Prada’s Turnaround Recipe Includes Cheaper Bags and Online Push


prada milanoPrada SpA, the struggling Italian luxury-goods maker listed in Hong Kong, plans to introduce more lower-priced handbags and double its online business as it seeks to reverse two years of stagnant sales. The Milan-based company will also close stores and narrow the spread on prices of new products between regions to about 10 percent, Strategic Marketing Director Stefano Cantino said in an investor presentation Monday in New York. Prada needs to kick-start growth after posting its lowest profit in five years. While all luxury-goods companies have been hurt by collapsing demand in China, the strong dollar and the terrorist attacks in Europe, the Italian company has been hit harder than most. That’s partly because its handbags are too expensive and it’s been too slow to invest online, according to Sanford C. Bernstein analysts. “We are working deeply to really fill all the price ranges,” Cantino said of Prada’s plans to introduce more bags costing between 1,200 euros ($1,370) and 1,400 euros. “There is strong demand for newness.” Prada plans to double its e-commerce sales over the next two years by increasing the number of categories it offers online, particularly shoes, and expanding its social media activities, Cantino said. Prada doesn’t plan to sell clothing over the Internet, preferring instead to direct consumers to the company’s 618 stores, he said. It will be on Snapchat Inc. by October, the executive said. “I don’t like the word luxury,” said Chairman Carlo Mazzi. “Value for money is our strategy for the future.” Prada co-Chief Executive Officer Patrizio Bertelli didn’t speak on the call. The shares closed down 7.6 percent to $HK23.70 in Hong Kong, extending their decline in the past year to 47 percent.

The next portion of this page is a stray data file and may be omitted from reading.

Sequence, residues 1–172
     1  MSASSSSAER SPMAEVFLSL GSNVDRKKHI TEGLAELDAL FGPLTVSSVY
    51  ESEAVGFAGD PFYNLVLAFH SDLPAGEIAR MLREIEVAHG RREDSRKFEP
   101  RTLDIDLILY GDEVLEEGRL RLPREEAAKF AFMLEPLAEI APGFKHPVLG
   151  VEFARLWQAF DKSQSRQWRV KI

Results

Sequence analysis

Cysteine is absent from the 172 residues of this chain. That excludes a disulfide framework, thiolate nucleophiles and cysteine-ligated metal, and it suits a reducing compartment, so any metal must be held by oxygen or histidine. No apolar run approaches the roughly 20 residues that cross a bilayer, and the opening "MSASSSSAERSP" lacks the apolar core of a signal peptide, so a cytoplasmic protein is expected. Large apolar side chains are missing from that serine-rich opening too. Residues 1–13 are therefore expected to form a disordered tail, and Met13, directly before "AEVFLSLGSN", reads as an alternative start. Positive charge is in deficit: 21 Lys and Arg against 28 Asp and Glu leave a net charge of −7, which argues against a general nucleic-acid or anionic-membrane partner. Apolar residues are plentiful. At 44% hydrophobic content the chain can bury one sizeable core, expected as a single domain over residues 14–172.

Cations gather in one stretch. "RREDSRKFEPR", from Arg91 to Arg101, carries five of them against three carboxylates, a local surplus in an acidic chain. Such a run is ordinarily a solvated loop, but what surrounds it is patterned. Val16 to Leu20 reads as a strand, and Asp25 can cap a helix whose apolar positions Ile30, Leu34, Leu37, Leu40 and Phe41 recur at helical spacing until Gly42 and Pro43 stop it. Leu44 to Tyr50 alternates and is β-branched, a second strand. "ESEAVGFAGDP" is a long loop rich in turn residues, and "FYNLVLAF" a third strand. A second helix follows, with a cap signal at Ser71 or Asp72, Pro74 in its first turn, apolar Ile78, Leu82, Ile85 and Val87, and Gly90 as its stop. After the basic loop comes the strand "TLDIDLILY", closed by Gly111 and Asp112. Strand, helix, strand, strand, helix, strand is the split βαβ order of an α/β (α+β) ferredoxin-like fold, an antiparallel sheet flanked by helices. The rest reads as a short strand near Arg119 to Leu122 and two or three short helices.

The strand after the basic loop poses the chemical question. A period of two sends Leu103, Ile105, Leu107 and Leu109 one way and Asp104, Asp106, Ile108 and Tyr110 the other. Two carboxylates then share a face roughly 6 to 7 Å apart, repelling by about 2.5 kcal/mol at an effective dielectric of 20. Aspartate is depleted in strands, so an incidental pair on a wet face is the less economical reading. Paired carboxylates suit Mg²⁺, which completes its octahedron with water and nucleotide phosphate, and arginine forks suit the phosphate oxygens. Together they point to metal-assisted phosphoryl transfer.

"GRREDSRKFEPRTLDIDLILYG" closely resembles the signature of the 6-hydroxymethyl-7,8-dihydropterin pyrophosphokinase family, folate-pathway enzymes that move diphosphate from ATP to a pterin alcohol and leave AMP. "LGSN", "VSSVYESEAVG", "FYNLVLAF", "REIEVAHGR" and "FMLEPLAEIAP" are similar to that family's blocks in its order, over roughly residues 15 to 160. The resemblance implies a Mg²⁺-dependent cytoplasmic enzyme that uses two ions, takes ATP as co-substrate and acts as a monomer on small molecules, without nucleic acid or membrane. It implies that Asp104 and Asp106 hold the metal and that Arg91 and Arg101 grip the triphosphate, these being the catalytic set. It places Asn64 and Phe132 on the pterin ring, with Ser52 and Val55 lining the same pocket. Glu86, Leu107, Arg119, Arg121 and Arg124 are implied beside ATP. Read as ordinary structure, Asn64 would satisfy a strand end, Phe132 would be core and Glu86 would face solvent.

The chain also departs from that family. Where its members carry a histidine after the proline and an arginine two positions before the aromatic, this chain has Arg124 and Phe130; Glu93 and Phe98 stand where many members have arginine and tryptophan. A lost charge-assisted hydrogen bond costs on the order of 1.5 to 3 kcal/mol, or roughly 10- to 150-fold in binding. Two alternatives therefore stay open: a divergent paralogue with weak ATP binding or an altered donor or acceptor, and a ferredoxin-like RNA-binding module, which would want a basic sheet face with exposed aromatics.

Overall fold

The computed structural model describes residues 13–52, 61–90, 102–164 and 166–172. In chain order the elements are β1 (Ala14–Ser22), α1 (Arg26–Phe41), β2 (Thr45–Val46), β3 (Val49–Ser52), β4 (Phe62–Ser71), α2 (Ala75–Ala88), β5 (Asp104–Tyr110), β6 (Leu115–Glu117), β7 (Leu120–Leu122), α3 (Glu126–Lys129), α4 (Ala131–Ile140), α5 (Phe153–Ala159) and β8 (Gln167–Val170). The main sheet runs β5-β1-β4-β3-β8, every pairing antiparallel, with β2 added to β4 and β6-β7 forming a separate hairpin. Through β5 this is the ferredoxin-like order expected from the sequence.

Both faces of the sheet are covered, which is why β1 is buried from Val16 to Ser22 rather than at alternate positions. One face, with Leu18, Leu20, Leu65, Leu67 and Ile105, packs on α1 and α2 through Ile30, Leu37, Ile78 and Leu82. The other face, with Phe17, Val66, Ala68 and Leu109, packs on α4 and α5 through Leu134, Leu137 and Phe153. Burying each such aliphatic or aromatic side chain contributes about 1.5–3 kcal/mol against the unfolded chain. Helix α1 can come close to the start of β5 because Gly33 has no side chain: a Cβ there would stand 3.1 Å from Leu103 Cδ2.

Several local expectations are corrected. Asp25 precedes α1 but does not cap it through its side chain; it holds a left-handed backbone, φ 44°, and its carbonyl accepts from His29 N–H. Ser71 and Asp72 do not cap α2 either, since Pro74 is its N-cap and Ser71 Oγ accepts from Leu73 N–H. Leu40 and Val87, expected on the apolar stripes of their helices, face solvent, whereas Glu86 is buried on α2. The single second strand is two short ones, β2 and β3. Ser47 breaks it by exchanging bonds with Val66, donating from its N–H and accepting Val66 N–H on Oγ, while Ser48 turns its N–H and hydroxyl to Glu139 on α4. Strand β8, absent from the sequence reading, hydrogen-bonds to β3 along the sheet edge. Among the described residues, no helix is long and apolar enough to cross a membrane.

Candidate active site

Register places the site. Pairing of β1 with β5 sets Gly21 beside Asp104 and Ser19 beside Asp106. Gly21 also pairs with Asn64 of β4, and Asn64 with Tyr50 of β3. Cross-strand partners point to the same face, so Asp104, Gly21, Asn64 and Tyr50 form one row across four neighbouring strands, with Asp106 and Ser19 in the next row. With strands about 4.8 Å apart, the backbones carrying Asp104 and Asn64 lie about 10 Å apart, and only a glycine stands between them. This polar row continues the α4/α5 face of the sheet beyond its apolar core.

By Andrew Roberts